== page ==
Yesterday morning on my way in to work (turning onto Lake City Way from 61st, to be exact) my bike kicked over the 11,000 mile mark. I've had it right at about a year, as we bought it right before our cruise last January, and I got the new seat for it so I could ride it soon after we returned home. I've put a little over 8,000 miles on it in a years' time, nearly all of it commuting with only a handful of "fun" rides on it as well as the Experienced Rider Course we did last spring.

For Christmas this year, Mom got me the new windshield that I wanted and Chris bought me the laminar lip to go with it. The windshield was an easy swap that I did on Christmas day, but putting on the lip required warmer garage temperatures than we had, plus markers and a second person, so that didn't go on until the weekend after New Years. I was really worried about getting it on straight, as anything that is slightly "off" will catch my attention and bother me to no end, but Chris did a very nice job lining up the attachment points. The adhesive seems to be very strong and despite not fully attaching on two dots, I've never seen the lip so much as wiggle up to about 90mph or so. For comparison, you can look up at the blog title bar to see a picture of the bike with the old windshield, which barely came up over the handlebars.

The new setup is so much more comfortable it's unreal. I have almost zero airflow from my nose down to my chest, meaning that I don't have to wear the fleece tube around my neck and chin unless the temperature dips below 25 degrees. I've had a slight increase in helmet fogging from that as well, but with the wind blocking I can actually crack the visor comfortably. I've also put the "breath guide" piece that came with the helmet back into it, which is a soft rubbery piece that goes between the visor and my face to guide breath down and to the vents, rather than up across the visor. Basically, in summary, the new windshield is as great an improvement for cold-weather riding as the heated jacket was at this time last year. Yay for technology!

Back in October I mentioned my new boots, and I added a new pair of gloves to the tally in November after the old ones started ripping badly enough to leak. Men's XS size gloves are just not meant for me, and it was the yanking to get them small enough that did them in, unfortunately. Based on some experiences on a forum, I picked up a pair of RevIt Farenheits in their womens' line, complete with waterproofing, temperature-regulating core, fleecy lining, armor on the knuckles, and a windproof finish. For the first few weeks I was worried I had chosen poorly, as they were so stiff and snug that it was not easy to ride in them. However, in the past few weeks they have finally finished breaking in and I completely adore them - comfortable, fit properly (no "ratcheting down" past the intended sizing!), and very very warm. The boots have also broken in the rest of the way and no longer mark up my leg when I ride, and I'm looking forward to using them for quite some time in the future. My next gear purchase will be a new helmet in March when I get my bonus - I'm looking at a Shoei right now, but will definitely go back and try on all of the higher end helmets to find one that really meets my needs. The Scorpion I've got now is good enough, but the better helmets are much, much lighter and have some better airflow features, which I am in sore need of due to the fogging problems mentioned earlier. Mainly, however, I really want a lighter helmet that makes it easier to move my head as I do have some restriction in my movement due to the weight of the current one.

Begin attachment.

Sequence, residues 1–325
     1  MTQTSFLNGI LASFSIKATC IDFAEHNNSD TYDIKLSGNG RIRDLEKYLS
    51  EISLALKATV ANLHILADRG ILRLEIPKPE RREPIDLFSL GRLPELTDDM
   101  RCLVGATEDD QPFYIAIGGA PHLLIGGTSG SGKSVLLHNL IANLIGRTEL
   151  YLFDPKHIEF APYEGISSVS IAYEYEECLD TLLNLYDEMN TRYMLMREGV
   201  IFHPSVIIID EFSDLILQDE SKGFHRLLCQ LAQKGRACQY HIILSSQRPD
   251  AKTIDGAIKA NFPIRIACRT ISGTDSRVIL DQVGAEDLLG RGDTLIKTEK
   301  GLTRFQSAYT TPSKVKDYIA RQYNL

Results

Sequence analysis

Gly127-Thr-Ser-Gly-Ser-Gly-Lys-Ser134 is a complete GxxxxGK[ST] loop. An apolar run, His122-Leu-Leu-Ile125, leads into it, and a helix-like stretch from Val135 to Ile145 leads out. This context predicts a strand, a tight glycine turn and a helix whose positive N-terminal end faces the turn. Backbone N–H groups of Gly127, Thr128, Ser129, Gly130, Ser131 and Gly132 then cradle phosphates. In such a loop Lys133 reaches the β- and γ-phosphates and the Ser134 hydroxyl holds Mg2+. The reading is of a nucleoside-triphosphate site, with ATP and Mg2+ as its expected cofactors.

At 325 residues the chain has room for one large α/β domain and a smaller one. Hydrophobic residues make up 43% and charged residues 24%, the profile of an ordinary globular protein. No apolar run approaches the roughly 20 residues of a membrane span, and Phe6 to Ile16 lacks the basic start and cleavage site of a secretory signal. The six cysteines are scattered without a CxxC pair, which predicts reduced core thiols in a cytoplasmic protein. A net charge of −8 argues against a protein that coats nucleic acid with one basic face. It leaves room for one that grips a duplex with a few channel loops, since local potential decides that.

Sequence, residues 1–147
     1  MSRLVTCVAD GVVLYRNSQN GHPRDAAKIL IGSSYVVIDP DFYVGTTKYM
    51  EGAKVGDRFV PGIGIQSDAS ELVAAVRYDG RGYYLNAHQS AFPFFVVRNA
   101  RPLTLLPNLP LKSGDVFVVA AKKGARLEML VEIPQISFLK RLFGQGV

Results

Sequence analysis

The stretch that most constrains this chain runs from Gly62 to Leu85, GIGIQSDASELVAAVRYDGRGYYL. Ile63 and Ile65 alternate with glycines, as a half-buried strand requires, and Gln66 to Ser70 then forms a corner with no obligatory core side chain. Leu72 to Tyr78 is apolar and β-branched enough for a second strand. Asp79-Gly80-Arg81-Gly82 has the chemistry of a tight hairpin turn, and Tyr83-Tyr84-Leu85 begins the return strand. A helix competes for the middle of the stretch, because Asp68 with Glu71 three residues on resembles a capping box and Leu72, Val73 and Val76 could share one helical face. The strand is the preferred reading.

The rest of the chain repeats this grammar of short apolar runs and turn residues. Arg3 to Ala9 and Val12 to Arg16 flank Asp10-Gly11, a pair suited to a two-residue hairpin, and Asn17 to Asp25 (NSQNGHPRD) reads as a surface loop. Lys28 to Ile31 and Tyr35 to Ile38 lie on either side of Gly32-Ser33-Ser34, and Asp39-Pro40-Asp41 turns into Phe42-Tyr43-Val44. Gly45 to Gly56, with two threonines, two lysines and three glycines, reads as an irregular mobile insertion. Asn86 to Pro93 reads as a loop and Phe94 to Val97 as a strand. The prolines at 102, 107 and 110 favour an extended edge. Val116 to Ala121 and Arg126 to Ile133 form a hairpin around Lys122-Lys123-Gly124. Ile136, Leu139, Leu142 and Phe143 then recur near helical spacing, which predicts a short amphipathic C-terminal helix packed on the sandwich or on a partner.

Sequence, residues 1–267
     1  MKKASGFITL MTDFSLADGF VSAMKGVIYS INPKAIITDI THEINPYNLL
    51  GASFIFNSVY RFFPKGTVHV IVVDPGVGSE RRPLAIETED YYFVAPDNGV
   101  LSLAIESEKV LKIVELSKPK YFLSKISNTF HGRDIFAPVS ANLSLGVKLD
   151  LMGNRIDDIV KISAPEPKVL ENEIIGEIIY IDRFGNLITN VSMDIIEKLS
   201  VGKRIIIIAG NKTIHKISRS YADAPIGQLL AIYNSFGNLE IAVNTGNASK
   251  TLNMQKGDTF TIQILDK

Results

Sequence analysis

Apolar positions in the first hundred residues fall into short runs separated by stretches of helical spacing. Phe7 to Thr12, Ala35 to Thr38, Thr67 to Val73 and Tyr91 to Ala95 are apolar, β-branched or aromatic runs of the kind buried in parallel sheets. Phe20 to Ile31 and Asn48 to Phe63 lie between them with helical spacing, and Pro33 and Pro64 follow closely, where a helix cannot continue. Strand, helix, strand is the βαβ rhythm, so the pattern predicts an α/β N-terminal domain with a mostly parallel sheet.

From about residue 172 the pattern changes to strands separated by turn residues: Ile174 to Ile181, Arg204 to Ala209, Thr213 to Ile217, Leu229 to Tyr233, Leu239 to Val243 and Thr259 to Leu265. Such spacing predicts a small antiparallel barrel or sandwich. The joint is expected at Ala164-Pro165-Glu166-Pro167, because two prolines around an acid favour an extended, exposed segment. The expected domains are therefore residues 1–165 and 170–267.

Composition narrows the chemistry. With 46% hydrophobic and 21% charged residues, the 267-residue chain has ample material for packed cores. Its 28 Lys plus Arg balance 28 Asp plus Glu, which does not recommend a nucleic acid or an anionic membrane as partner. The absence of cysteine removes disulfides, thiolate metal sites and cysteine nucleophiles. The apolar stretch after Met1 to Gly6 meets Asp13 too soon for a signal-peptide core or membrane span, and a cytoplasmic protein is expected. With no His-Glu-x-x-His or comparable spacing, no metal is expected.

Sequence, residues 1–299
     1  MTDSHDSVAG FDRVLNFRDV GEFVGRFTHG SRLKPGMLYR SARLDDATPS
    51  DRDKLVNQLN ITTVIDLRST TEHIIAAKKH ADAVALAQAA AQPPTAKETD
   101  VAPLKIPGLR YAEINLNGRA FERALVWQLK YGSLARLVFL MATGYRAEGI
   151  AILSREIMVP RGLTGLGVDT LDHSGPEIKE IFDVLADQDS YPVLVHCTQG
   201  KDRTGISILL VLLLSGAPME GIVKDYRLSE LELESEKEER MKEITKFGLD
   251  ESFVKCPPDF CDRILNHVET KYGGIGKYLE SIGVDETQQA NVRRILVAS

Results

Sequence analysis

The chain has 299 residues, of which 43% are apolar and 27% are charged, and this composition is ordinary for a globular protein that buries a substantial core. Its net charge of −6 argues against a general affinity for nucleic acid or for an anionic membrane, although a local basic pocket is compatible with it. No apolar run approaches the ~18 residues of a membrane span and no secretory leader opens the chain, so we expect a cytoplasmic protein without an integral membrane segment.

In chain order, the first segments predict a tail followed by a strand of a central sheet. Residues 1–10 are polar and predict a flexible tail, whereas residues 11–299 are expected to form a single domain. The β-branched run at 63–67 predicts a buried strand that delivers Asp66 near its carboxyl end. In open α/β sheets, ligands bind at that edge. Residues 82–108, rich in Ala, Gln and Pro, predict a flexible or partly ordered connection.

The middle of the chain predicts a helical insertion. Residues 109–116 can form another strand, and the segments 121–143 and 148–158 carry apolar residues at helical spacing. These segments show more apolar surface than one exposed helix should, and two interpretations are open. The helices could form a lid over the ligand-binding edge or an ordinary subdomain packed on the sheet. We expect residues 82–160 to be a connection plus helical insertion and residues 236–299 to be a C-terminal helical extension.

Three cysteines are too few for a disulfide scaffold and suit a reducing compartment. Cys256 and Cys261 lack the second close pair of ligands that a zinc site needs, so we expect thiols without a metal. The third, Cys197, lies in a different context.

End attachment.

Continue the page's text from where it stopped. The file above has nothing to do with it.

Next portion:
Then there is always the wish list - bar risers and a back mudflap being highest on that particular list. Chris' brother may be moving to Oakland, CA later this year and he's thinking it would be fun to take a riding trip to visit him. I agree that would be pretty neat, but at least with my current setup I don't think it would be so comfortable, so we'll see!

Monday, February 2, 2009

teaching puppies to swim

This past weekend we went up to Langley BC to have a flyball training retreat weekend at the Run Free Canine Centre that is owned by our friends Karl and Jenny from the Run Free flyball club. In addition to the covered flyball arena, they also have a covered 4' deep pool for swimming the dogs, complete with a current generator for resistance swim training. The setup is very clever, with clear plastic greenhouses enclosing both the flyball arena and the pool, leaving them both able to be used despite the winter weather. My only complaint is that it is awfully cold in there if it's not sunny outside, but I think Karl is planning to put in a few space heaters in the future, or it would be trivial to bring some of our own.